Webb Completes Career Grand Slam
Webb carded a 2-under 69 Sunday to finish the tournament at 14-under 270. It was her fifth major title in the last eight played on the LPGA Tour and her second in a row, as she blew away the field three weeks ago at the U.S. Women's Open.
With the win, Webb joined Mickey Wright, Louise Suggs, Pat Bradley and Juli Inkster as the only players to win four different majors in their LPGA careers.
'It's very overwhelming,' said Webb, who has won her last four major titles by a combined 25 strokes. 'It happened so quickly. This is the dream of all dreams. One day, it will sink in, but right now I'm at a loss for words.'
Last year, 24-year-old Tiger Woods became the youngest player to complete the Grand Slam when he won the British Open at St. Andrews. Webb is two years older, but needed seven fewer majors than Woods. After his first major victory at the 1997 Masters, Woods played in 14 more before he joined professional golf's elite. Webb needed only eight major tournaments to complete her Slam.
Webb walked into the final round with a three-shot edge over Diaz and Maria Hjorth but the lead was cut to two when Hjorth rolled home a 10-foot birdie putt at the opening hole.
From there, most thoughts of a comeback were quickly erased. Webb rattled off three birdies in a row, starting at the 2nd. She made putts from four feet, six feet and 18 feet to extend the lead to as many as six.
At the 8th, Webb dropped her first shot of the final round when she hit a 5-iron left of the green and missed the eight-foot save. She regained the lost stroke at the next hole with a 20-footer for birdie.
Diaz began to make things interesting around the turn. She holed an eight-foot birdie at the 9th and followed with a 15-footer at the next. Diaz drained a pair of 10-foot birdie putts at 11 and 12 and cut the lead down to three.
Webb collected six pars to open the back nine and when Diaz birdied the 17th, Webb countered with a 15-foot birdie at 16.
The lead was momentarily two when Webb bogeyed the 17th after she missed the green short and landed in a bunker. She blasted out to eight feet but two-putted for the bogey.
Diaz ran into trouble at the final hole. She drove into the right rough and then hit her 6-iron approach into a greenside sand trap. Diaz blasted out to six feet but missed the save to drop to 12-under, three shots behind the leader.
Webb did not play the 18th a whole lot better than Diaz. She missed the fairway left off the tee and then pushed a 6-iron right of the putting surface. Her delicate chip ran by the hole five feet where she missed the comeback, but tapped in to win the tournament by two.
The historical triumph for Webb was the talk of the tournament Sunday.
'To do it a year ahead of Mickey Wright, at a time when the depth of talent is the best it's ever been, will ultimately go down as one of the biggest achievements in women's golf,' said LPGA commissioner Ty Votaw.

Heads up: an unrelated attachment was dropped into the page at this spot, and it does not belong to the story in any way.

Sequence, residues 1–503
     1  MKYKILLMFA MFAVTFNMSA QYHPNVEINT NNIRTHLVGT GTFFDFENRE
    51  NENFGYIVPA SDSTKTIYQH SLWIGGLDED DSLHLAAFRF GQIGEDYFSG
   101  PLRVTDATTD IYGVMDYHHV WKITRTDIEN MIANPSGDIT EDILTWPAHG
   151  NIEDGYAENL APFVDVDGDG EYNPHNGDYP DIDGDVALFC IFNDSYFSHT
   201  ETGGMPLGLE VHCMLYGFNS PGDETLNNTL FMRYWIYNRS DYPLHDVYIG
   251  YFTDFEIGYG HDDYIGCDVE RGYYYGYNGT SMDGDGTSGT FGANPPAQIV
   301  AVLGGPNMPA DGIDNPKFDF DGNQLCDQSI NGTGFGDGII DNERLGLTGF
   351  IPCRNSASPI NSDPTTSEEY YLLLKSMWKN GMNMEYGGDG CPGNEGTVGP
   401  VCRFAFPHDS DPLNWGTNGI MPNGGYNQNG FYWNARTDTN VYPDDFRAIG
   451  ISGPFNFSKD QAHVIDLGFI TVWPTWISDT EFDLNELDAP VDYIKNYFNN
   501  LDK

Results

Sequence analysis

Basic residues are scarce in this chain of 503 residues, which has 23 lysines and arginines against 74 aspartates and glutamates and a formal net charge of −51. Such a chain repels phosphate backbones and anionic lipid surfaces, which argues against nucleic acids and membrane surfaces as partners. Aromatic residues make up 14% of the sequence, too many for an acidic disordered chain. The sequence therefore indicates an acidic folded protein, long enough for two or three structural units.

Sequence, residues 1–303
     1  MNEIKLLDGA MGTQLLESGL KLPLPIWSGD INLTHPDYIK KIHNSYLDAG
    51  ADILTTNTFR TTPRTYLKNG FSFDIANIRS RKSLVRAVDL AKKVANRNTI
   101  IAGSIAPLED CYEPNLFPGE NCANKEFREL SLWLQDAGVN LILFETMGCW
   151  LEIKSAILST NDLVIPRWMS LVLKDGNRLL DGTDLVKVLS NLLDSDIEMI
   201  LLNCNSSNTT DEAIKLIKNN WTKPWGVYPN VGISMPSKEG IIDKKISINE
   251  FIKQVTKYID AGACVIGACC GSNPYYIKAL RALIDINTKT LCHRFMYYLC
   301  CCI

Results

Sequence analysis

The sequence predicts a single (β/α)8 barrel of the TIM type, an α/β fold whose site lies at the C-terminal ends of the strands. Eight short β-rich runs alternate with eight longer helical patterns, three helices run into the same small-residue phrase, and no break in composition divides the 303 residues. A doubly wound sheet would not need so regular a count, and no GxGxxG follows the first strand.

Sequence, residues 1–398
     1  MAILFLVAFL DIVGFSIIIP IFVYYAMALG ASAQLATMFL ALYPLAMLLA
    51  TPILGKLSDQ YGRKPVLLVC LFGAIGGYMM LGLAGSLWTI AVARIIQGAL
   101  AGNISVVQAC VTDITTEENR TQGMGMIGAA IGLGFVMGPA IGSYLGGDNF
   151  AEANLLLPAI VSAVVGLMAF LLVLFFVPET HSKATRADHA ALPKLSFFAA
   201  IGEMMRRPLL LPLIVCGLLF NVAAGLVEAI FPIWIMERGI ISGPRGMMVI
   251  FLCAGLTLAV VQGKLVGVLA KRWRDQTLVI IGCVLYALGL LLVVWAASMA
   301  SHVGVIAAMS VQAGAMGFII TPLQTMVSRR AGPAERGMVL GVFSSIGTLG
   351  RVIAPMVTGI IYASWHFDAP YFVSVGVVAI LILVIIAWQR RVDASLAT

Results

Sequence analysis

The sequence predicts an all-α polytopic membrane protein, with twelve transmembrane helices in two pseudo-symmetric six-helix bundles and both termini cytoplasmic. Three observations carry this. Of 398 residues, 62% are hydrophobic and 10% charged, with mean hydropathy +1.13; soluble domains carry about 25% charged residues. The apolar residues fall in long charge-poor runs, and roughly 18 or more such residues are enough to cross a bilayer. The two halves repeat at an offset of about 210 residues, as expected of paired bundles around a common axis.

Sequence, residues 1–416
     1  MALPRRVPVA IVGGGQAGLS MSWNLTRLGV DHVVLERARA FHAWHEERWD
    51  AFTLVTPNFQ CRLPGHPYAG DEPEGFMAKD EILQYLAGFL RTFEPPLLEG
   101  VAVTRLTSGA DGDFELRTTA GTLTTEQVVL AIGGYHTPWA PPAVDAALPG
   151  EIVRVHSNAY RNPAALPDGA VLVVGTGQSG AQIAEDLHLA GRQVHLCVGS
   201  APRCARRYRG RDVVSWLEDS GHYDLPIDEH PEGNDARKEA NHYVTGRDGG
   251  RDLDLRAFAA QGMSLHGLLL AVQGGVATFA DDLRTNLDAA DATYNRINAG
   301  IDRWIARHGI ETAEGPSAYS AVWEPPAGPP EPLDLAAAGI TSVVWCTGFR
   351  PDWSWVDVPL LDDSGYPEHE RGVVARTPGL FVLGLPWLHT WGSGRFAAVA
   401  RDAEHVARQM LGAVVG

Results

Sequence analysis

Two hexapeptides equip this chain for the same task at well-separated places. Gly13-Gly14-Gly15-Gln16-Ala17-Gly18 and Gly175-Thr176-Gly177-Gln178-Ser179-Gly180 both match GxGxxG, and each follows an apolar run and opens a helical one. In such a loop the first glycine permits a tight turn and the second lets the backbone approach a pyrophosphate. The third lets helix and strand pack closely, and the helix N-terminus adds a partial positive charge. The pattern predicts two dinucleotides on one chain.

'As far as pure golf, she's the best I've ever seen,' said Inkster, who was the last player to earn the career Grand Slam when she won the U.S. Open and LPGA Championship in 1999. 'She makes it look so effortless. I can't believe anybody could be as good as Karrie. If she keeps up this pace, she's going to shatter all the records.'
'Awesome. That sums it up right there,' said Diaz.
Webb almost withdrew from the tournament Sunday morning because her grandfather suffered a stroke a few days prior. She had booked a flight to leave with her parents Sunday afternoon but her father spoke with the family and they thought that her grandfather would want her to stay.
'I really didn't do it for myself today,' said Webb, who earned $225,000 for the victory. 'I did it for my grandad and I know it might not help out the situation, but my grandma told me on Thursday that she wanted me to win it for him.'
Karrie Webb comments on her Career Grand Slam
The next major for Webb will be the Women's British Open at Sunningdale Golf Club in August. Webb won the British Open, which replaced the du Maurier Classic as a major this year, at Sunningdale when she was only 20.
Diaz shot a 3-under 68 on Sunday but failed in her attempt at becoming the first player since Se Ri Pak in 1998 to make a major championship her first victory.
'I think from my perspective, it's another second and in a way, that's just because I'm still aching for that first win.'
Hjorth and Wendy Ward shared third at 10-under 274. Hjorth's chances faded at the 15th, when she carded a double-bogey and finished with a 1-under 70. Ward, the first-round leader, posted a 2-under 69 Sunday.
Annika Sorenstam, the winner of 2001's first major, the Nabisco Championship, birdied three of her last four on Sunday for a 67 and fifth place.
Becky Iverson and Laura Davies shared sixth at 8-under par. Had Davies won this event, she would have become eligible for the LPGA Hall of Fame.
Full-field scores from the McDonald's LPGA Championship
Kelly, Sauers co-lead in Hawaii; Monty, Couples in mix
KAILUA-KONA, Hawaii - Fresh off a solid performance on Oahu, Jerry Kelly shot an 8-under 64 on the Big Island on Thursday to share the first-round lead at the Mitsubishi Electric Championship, the season opener on the PGA Tour Champions.